However, if we want to protect open source software against criminals there is a different chain of trust that we need to protect: the chain from upstream developers to the end-user. There are quite a few bits and pieces in place already, but some essential parts are missing. In august 2009, for example, the web server from the squirrelmail webmail project was hacked, and two plugins were compromised with malware. It was lucky that the hack was discovered very quickly so little harm was done, but that could have been much worse.

Most open source projects use a version control system for their source code that involves some form of crypto authentication. Some very basic, like a login over ssh to a subversion or cvs server, other require every patch to be signed with a PGP key. Most distributions use some form of signing to protect the integrity of their packages. But the step from upstream development to the distribution is often not secured at all. Many upstream developers offer a md5 or sha1 sum of the downloads – but hey, once the criminals hack your webserver, they can change both the md5 and the tarball with the source code!

So what should we do?

If all upstream developers would sign their releases with PGP, and distributions should check if the source tarball is correctly signed, and signed with a trusted key, it would be much harder for criminals to interfere with this step. The level of trust could be very minimal (just check if the source tarball is signed with the same key as the previous time we downloaded the package) or very high (require a web of trust where keys have to signed after an official government issued ID has been checked such as Debian requires), just depending on the importance of the package.

Bluefish source tarballs have been PGP signed for a while already. Now it’s time for the distributions to automatically check these signatures when building a package.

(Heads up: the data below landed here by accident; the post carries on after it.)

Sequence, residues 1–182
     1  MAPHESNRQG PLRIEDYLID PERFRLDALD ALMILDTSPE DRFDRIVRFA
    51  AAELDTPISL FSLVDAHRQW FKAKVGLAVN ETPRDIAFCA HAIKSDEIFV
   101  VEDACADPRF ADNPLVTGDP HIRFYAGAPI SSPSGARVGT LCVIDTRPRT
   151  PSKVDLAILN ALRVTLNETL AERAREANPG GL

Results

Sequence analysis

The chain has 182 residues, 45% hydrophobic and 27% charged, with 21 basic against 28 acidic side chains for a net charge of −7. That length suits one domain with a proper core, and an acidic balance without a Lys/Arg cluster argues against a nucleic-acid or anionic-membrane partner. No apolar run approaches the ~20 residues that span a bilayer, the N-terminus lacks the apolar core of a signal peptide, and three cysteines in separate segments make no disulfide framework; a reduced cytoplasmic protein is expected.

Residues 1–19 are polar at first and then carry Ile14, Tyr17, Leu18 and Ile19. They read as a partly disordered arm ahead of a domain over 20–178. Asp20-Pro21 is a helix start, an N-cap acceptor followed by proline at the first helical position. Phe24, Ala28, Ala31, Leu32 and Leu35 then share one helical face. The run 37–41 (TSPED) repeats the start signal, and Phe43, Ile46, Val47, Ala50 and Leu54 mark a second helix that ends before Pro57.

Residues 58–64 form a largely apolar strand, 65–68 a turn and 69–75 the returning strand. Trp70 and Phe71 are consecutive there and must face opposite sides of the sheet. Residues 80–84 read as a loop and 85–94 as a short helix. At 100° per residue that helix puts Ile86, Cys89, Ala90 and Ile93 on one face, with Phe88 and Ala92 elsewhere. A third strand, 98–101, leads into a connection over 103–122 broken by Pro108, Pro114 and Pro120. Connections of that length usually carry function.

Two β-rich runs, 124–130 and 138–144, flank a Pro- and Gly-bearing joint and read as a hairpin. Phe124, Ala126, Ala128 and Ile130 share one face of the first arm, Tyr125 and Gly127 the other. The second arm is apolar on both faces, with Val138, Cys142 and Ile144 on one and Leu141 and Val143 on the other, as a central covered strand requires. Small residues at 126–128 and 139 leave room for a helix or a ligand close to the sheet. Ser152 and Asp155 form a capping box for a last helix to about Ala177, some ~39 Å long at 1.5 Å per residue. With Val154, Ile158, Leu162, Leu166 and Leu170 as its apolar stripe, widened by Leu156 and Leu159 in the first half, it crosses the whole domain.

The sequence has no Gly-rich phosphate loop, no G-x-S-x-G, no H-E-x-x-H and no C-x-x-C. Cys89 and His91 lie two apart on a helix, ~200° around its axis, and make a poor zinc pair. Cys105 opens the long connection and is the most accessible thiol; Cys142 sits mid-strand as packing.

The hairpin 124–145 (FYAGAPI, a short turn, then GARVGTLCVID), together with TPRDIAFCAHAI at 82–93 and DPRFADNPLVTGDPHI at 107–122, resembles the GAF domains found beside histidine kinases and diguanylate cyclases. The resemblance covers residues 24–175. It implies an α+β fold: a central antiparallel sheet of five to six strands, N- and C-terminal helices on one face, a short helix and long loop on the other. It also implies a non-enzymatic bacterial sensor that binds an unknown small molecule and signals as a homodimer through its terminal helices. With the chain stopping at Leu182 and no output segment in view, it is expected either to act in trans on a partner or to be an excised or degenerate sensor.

Bluefish 2.2.3 released

In Bluefish,open source on June 30, 2012 by oli4444

Last months we have worked on lots of small things in your favorite programming editor Bluefish, resulting in the 2.2.3 release. There are only few major changes: a corrupted state in the syntax scanner that could (very rare) lead to a segfault was fixed, code folding had major fixes and improvements, search had a few major fixes, printing with syntax highlighting was added, and a lorem ipsum generator was added.

Then we had lots of small things. The GUI was restructured in some areas, most notably the preferences dialog, but alsi in the the Tools menu and the HTML Tags menu, and some shortcut key combinations were added.

As I pointed out in one of my previous posts we did work on some visibility features, such as a bigger cursor and cursor highlighting, and some options were improved such as zoom and the custom colors.

External commands had some changes such as better cursor positioning after a filter has
been used, user supplied arguments for external commands (for example define a command chmod %a %f so you can add the mode when you activate the menu entry), and an option to restore the default commands. While writing this post I just found the first regression in 2.2.3: the help text that explains all options for external commands has disappeared…

[edit: after opening the dialog again I realized that the help text is moved into a tooltip to save screen space, so it did not just dissapear]

On the multi-platform front: the broken shortcut key S was fixed on OSX, and file recovery was fixed on Windows.

On the web front some dialogs were added for HTML5, the thumbnail generator was fixed, and insert color, path and relative path have been added.